New “Pirates” Report On Corporate Tax Havens

Dave Johnson

The Institute for Policy Studies (IPS) has just released a report on tax havens, Corporate Pirates of the Caribbean. The report shows that the corporations engaged in the “Fix the Debt” austerity push would gain up to $173 billion in tax breaks from their proposal for a “territorial tax system.” So under the guise of cutting deficits (because the public thinks they wnt that), these companies are actually pushing a plan to line their pockets while adding to deficits.

Here’s what’s up. Currently taxes on offshore profits are “deferred” until a company “brings the money home.” In other words, American multinational corporations don’t pay any taxes at all on profits made “outside” the US as long as they keep the profits “out of the country.” Then when they do bring the money back, all taxes paid elsewhere are deducted from any taxes due. (Currently between $1.7-$2 trillion is being held hostage this way.) And then they periodically come to the government and demand a “tax holiday” – a very low tax rate to bring the money back, promising to use it to “create jobs.” (Of course they don’t end up using it for that.)

Because of this huge loophole the giant multi-national companies move jobs and factories and profit centers out of the country or use offshore tax havens (hence the title “Corporate Pirates of the Carribean”) to pretend that they made those profits outside of the country.

The Fix the Debt proposal for a “territorial tax” makes this arrangement permanent, so of course all the rest of the jobs, factories and profit centers will move out of the country, too — or companies will pretend they were.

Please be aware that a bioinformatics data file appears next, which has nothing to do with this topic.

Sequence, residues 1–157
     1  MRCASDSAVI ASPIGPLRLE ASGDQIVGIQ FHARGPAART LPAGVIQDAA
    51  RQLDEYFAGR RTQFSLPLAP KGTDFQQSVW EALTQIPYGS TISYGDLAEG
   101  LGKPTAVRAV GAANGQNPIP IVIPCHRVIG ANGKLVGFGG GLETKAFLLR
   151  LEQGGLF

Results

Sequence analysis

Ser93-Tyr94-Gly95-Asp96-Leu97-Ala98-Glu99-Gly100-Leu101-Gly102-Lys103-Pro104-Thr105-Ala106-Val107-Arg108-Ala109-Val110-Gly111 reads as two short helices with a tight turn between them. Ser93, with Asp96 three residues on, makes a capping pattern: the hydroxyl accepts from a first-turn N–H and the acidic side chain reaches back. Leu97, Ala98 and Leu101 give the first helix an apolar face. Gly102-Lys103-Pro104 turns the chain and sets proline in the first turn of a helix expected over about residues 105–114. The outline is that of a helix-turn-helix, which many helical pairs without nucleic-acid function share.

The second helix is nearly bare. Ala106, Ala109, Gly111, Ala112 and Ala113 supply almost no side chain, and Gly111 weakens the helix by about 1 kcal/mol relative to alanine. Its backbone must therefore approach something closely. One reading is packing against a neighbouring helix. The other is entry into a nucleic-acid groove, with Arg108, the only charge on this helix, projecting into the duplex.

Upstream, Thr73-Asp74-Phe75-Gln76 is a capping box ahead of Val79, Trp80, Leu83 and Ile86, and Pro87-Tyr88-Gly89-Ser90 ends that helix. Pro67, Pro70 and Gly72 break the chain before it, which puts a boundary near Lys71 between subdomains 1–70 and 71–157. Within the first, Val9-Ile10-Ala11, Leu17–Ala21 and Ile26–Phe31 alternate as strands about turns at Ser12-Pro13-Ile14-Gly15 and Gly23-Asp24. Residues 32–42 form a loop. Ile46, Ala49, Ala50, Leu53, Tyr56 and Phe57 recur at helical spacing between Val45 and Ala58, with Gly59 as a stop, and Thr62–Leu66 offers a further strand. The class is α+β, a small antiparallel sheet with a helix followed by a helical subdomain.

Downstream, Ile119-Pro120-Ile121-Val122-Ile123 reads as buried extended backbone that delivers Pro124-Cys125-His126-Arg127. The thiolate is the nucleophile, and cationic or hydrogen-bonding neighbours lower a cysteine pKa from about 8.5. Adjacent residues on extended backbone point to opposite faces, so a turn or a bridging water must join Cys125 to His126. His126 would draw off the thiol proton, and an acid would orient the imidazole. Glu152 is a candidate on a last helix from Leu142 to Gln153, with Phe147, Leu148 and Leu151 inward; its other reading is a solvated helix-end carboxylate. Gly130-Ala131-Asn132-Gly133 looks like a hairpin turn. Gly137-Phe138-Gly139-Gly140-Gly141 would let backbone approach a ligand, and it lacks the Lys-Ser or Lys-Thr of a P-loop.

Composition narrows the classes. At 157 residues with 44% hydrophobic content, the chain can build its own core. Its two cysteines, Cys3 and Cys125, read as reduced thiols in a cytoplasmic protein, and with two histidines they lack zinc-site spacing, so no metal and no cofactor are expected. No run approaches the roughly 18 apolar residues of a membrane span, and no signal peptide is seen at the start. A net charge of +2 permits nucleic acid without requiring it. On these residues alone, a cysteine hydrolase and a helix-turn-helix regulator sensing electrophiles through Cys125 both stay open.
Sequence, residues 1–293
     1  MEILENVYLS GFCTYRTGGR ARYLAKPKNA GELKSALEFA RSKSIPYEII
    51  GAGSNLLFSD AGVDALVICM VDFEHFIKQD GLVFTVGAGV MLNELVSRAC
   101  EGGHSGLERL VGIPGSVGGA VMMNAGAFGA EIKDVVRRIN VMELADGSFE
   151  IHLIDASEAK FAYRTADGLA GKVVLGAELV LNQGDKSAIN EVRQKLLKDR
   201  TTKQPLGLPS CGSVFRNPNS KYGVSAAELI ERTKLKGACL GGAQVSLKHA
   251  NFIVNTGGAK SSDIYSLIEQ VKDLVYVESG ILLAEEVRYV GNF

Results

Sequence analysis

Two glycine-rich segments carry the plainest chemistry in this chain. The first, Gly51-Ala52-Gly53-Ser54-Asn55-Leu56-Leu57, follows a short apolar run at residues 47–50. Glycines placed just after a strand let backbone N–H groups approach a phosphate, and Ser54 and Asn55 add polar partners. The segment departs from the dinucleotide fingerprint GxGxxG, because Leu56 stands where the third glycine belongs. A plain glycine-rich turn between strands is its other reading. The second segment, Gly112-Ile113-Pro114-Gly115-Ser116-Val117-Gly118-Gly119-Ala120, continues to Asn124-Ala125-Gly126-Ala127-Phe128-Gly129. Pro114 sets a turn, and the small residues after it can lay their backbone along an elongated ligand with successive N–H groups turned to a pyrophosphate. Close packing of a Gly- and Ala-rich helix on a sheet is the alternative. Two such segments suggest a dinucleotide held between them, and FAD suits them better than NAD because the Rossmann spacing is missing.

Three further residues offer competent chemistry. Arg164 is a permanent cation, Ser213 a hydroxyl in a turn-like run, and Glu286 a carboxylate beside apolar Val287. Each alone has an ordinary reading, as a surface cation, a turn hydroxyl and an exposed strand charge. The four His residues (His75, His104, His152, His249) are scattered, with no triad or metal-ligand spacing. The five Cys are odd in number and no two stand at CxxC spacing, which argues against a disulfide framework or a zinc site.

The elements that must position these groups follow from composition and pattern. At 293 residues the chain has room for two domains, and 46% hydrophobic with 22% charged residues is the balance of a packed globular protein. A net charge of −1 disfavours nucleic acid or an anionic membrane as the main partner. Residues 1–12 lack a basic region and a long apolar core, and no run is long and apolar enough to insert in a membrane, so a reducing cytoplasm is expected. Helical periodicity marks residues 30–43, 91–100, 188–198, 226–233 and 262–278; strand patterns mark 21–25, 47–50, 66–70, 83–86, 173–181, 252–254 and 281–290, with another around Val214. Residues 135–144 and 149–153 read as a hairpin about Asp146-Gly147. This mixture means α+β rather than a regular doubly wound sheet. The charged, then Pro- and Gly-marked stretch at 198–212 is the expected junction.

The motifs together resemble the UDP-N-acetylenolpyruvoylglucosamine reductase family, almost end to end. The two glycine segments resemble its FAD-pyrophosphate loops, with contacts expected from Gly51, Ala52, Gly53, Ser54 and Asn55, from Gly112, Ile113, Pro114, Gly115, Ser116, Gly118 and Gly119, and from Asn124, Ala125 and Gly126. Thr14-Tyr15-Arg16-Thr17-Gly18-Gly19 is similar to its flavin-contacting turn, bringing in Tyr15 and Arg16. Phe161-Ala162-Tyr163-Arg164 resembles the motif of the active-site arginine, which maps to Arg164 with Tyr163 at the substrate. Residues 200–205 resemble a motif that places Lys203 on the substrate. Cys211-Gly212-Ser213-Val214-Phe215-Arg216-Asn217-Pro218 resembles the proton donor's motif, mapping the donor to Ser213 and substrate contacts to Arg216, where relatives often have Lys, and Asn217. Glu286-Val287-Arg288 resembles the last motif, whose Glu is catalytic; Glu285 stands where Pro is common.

The key findings from the report:

  • The 59 Fix the Debt member corporations that reported their offshore profits had a combined total of more than $544 billion at the end of 2012, up from $473 billion in 2011. The average offshore stash per company rose 15 percent last year to $9.4 billion.
  • Currently, these profits are not subject to U.S. corporate income taxes unless they are brought back to the United States (also known as “repatriation”). If Congress adopts Fix the Debt’s proposed territorial tax system, these 59 companies would stand to win as much as $173 billion in immediate tax windfalls.
  • The biggest potential winner is General Electric, which could reap a tax windfall of as much as $38 billion on its overseas earnings stash of $108 billion.
  • The Fix the Debt member with the largest increase in offshore untaxed profits in 2012 among firms with more than $1 billion in offshore profits was Honeywell, with a 43 percent increase to $11.6 billion in 2012.
  • Twenty-two firms reported increases of more than 20 percent in their untaxed offshore profits last year.

You can download the full report here.
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